Africa’s development agenda has been on the table for decades, the more so since one African country after the other has reached the status of independence from colonial powers who had created multiple boundaries between the countries, sculpted the nascent economies of the periphery in accordance to their own economic needs in the metropolis and established efficient value extraction systems to their sole benefit. Obviously their has been also beneficial side effects to the colonies like improved infrastructure, better education for the people and the establishment of administrative systems as the backbone of the later to become nation states. What was certainly not part of this good legacy was a system of auto centred development of the African economies with the associated monetary tools and the adjacent capital markets. This has long been a major impediment to a genuine value creation in the post colonial African states and is still in most African countries.
The World Bank and most of the big players in the business of development state it very clearly, the major impediments to Africa’s development are the lack of reliable infrastructure and first and foremost, the lack of proper financing provided by efficient financial sectors. African countries in their majority still rely, 50 years after their so called independence from colonial powers, on the financial flows of the outside world. In some countries, the state apparatus wouldn’t function if not up to 50% sometime 60% of the state budget wouldn’t be financed by the donor community. When the aid flows pour in, very often they distort the nascent local markets, destroy the price building mechanisms and therefore crowd out the private participation in market systems. Obviously, official development aid is still needed in a number of African countries not able to tap into the international capital markets, otherwise a large number of African populations wouldn’t be able to survive the next day. But there is a need to shift from this humanitarian mode into the self sustaining mode of functioning markets with their transparent price building and efficient information requirements. Capital markets play an increasingly important role in this transformation to modern economies and that is the focus that Eric Osei, a young and dynamic writer has chosen to address with the personal development of his fellow young Ghanaians and Africans in mind. This is to be welcomed especially in these difficult times on the capital markets, triggered by one of the gravest financial crisis that the modern world has ever seen and which has had its consequences on the young African capital markets as well.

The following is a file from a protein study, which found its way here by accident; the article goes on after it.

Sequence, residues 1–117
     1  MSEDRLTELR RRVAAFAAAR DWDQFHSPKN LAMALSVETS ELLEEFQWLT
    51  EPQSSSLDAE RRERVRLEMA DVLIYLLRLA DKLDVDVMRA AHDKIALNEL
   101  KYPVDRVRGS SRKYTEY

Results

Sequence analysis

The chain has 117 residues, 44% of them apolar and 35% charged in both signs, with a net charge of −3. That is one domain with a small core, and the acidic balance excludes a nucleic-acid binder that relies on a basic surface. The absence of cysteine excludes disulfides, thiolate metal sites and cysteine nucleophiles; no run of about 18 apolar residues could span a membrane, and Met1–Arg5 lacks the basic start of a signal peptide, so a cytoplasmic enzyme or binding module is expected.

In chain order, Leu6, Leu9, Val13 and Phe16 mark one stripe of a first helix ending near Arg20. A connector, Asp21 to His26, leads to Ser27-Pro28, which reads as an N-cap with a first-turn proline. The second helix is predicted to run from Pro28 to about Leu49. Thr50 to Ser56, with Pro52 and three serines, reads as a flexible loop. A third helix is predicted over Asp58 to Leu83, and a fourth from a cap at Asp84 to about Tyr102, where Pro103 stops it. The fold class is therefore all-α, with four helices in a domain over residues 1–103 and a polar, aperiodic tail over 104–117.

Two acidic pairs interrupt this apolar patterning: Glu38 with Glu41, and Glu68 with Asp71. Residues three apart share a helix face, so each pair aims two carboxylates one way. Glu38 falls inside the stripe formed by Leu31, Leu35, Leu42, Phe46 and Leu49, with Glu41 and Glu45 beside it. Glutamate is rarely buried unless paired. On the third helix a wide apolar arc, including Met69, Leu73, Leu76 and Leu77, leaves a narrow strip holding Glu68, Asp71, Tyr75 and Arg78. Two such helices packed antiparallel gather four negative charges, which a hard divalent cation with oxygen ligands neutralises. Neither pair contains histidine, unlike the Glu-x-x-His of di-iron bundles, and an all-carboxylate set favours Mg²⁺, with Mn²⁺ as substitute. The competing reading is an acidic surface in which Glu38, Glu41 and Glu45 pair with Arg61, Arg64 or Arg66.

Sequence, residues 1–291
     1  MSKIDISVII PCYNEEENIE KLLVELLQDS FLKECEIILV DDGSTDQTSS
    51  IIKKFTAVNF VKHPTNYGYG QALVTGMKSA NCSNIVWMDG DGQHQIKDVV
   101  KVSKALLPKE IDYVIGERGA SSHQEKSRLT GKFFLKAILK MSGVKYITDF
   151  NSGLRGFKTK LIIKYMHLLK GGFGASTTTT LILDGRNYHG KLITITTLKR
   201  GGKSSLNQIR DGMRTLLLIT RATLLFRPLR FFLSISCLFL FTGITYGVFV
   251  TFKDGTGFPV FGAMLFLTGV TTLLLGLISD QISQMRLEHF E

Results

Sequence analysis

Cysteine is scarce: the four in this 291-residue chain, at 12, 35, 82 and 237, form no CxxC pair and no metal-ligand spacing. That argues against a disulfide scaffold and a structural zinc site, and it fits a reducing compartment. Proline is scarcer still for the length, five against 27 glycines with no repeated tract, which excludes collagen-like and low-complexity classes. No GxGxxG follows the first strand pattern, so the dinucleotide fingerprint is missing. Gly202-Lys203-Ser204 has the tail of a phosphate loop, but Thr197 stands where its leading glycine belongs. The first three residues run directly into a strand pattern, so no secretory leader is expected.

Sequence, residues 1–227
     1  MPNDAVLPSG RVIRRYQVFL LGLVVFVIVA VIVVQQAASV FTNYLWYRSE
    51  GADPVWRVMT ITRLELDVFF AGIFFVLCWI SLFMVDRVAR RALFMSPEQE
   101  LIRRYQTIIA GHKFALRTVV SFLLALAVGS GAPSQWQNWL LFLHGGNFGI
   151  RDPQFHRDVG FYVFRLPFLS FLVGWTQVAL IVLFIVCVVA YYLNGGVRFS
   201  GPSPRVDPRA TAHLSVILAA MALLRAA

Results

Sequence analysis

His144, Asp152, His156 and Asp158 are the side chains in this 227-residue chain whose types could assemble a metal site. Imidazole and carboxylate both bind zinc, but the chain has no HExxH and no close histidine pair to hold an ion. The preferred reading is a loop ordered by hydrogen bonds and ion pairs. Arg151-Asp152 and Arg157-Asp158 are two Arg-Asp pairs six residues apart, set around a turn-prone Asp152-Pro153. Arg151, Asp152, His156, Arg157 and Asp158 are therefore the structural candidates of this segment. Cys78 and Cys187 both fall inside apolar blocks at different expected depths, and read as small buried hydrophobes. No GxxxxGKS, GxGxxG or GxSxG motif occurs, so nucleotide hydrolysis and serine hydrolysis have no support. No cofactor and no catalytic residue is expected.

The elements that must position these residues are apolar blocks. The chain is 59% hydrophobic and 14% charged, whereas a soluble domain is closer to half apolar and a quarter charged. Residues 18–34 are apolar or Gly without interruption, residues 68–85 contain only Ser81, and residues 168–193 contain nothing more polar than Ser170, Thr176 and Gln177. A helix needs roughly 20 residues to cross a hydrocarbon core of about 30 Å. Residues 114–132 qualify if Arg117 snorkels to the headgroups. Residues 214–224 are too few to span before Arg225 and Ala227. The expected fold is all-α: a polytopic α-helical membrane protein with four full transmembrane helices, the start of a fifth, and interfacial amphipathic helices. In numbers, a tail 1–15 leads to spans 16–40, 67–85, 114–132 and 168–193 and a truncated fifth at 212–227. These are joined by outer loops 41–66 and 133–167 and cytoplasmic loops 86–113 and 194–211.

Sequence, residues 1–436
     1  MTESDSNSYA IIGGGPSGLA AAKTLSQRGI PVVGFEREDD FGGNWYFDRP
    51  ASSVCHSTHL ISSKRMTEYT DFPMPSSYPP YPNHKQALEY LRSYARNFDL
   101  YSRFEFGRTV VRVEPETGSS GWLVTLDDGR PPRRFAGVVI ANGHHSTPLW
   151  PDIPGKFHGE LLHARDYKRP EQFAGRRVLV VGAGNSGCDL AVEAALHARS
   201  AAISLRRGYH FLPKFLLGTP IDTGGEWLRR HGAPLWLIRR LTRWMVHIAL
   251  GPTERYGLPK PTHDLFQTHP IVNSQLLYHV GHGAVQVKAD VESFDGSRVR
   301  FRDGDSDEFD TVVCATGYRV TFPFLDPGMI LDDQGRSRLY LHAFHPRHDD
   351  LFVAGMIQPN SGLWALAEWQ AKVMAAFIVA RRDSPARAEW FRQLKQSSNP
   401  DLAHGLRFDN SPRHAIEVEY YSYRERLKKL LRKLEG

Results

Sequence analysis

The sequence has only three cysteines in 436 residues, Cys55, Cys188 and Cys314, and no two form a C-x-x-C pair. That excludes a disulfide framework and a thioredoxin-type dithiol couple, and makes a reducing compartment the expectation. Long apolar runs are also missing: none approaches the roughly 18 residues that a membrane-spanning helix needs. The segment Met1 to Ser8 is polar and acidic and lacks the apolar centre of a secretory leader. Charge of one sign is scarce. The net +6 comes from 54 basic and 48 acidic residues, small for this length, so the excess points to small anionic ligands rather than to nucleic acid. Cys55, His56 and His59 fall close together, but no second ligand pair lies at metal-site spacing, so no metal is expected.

The book of Eric Osei gives a good introduction into the matter of capital markets, how they are regulated, how individuals can better understand it, what to do and when, what kind of risks are associated with participating in these markets and investing into stocks and bonds and why it matters to the outside world, the greater economy. African stock exchanges are the places to be in a century that has been seen by a number of scholars as the century of take off for Africa. Foreign investors are coming to African stock exchanges, to the more sophisticated ones like JSE and the more basic ones with the intent to make money and the certainty that African stocks and economies are not yet as correlated to the rest of the world as for example the emerging markets. This means that in a diversification portfolio approach, an investor has to be in Africa to minimize his risk exposure and maximise his return expectations. That is certainly good news for the good performers in the group of the African stock exchanges, the more efficient and transparent ones will attract this capital and should have the best performances. The African investor can benefit also and it is alike important to stress the link between these developments on the capital markets, may they be equities markets or bond or debt markets and the overall development of the African economies. The capital markets are designed to be transmission engines from the savings of the individual economic actors to the financial needs of the entrepreneurs who are realizing the overall economic growth of the African economies. It is therefore a matter of reaching real independence, development and self-sustainability to have functioning capital markets and to have thriving capital market investors being active in these markets. I invite you to enter the world of stocks and bonds in a challenging environment through this introduction by Eric Osei